Biological control in theory and practice

by William W. Murdoch, Jean Chesson, Peter L. Chesson
The American Naturalist ()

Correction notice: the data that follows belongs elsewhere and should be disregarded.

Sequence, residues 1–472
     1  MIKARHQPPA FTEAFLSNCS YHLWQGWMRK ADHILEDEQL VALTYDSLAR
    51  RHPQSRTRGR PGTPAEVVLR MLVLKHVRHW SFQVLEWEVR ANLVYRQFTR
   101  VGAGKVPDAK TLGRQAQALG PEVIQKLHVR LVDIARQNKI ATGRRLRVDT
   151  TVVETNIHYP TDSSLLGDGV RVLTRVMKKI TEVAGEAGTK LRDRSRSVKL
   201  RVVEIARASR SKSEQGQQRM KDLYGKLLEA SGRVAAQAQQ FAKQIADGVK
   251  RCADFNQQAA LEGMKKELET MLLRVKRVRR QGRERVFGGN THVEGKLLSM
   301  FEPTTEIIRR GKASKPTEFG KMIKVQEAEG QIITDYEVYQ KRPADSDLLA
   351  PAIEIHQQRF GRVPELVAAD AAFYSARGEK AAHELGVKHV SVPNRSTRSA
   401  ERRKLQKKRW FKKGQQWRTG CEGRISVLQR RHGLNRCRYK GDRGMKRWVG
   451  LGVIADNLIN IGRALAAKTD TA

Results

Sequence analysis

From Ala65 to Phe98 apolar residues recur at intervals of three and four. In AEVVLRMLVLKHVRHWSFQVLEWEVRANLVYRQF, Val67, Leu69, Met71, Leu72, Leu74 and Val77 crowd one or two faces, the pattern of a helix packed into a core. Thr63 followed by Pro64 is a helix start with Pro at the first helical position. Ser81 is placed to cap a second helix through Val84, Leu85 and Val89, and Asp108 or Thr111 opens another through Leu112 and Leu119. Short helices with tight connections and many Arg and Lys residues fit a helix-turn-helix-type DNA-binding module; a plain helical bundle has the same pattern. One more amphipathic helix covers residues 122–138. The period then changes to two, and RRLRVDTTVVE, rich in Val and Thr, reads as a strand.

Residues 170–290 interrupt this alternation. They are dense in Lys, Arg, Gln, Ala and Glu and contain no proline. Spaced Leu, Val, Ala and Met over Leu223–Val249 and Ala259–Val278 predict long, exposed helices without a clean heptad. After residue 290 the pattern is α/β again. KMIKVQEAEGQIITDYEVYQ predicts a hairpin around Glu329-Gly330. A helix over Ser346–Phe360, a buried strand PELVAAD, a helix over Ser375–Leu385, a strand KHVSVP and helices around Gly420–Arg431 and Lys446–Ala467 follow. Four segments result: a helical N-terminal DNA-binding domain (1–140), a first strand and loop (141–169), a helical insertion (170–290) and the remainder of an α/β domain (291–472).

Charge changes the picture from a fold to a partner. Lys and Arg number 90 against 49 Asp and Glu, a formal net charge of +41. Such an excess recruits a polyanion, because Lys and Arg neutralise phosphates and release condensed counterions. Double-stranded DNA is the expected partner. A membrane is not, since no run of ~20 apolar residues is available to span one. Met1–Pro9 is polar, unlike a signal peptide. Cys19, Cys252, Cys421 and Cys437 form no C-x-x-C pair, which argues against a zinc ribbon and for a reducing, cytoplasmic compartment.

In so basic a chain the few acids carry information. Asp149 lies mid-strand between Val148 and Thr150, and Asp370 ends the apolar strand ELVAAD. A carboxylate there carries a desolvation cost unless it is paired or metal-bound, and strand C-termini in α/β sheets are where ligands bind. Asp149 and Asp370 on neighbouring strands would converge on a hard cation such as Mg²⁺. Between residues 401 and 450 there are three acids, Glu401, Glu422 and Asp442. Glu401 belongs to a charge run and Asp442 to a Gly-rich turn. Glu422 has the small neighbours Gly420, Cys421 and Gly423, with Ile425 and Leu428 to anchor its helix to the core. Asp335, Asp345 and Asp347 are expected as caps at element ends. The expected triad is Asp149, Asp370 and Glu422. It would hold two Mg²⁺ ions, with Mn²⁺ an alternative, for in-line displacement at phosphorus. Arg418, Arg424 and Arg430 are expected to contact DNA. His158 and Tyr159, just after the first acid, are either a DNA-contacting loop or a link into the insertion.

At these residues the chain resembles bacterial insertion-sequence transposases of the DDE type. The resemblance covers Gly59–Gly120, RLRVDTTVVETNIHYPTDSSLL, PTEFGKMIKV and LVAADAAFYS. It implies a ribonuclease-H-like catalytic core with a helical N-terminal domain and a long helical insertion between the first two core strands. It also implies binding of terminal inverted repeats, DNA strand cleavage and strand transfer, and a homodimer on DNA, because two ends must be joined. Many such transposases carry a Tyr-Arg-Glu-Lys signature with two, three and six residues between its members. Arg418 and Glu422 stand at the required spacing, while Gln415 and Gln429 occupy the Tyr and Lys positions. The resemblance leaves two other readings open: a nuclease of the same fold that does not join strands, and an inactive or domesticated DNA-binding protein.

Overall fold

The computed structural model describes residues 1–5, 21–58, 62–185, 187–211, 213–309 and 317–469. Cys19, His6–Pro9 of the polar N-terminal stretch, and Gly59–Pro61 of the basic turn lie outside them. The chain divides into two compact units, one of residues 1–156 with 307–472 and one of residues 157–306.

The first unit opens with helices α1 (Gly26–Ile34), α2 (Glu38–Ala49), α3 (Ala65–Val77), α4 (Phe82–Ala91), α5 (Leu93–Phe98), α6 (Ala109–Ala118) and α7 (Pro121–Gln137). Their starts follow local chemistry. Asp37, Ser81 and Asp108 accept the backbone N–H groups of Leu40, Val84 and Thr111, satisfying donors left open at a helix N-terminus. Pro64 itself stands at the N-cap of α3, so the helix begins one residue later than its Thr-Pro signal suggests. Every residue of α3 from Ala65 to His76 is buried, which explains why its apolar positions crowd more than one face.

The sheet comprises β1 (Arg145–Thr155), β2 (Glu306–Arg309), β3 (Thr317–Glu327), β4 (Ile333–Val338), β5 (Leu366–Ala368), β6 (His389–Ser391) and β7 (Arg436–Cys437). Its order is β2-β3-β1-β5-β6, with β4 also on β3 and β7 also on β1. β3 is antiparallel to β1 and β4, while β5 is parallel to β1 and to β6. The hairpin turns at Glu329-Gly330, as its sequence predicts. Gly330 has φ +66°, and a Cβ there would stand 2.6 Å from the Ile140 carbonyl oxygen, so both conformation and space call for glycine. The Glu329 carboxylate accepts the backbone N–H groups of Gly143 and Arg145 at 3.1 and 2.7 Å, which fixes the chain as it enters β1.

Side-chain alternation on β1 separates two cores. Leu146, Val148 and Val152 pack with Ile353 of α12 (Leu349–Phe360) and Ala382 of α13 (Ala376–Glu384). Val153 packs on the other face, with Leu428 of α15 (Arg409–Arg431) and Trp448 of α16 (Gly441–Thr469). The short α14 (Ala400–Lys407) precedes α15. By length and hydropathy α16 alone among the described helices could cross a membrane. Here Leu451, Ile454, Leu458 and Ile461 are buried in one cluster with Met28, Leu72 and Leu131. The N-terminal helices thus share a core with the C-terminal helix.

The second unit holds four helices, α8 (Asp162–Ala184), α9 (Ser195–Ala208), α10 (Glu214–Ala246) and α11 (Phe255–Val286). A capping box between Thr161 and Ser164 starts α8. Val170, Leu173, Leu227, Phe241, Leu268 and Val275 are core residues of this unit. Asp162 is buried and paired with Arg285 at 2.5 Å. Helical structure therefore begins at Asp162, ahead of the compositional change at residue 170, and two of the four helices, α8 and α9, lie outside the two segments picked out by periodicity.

The conventional wisdom of biological control of insect pests, and its related ecological theory, is that successful natural enemies in long-lived ecosystems (1) impose a low, stable pest equilibrium, and (2) share the following properties: (a) host-specific; (b) synchronous with the pest; (c) can increase in density rapidly when the pest does; (d) need only one pest individual to complete their life cycle; (e) have a high search rate for the pest; (f) aggregate at areas of high pest density, which is thought to stabilize the interaction. These features are more characteristic of parasitoids than predators. We suggest that a stable pest equilibrium is neither a necessary nor a sufficient condition for control. We show that satisfactory control in model systems is compatible with both local extinction of the pest and polyphagy in the natural enemy. Only one of nine real examples of successful control is convincingly a stable interaction; the remainder show either strong evidence for instability and local extinction of the pest or are consistent with this interpretation. Successful natural enemies have collectively violated all of features 1 and 2 above, and violations of features 1 and 2a, 2b, and 2d appear to have been central to success in several situations. Two strategies by which a natural enemy may control a pest in a nonequilibrium state, termed here "lying-in-wait" and "search-and-destroy," are distinguished. CR - Copyright ┬ę 1985 The University of Chicago

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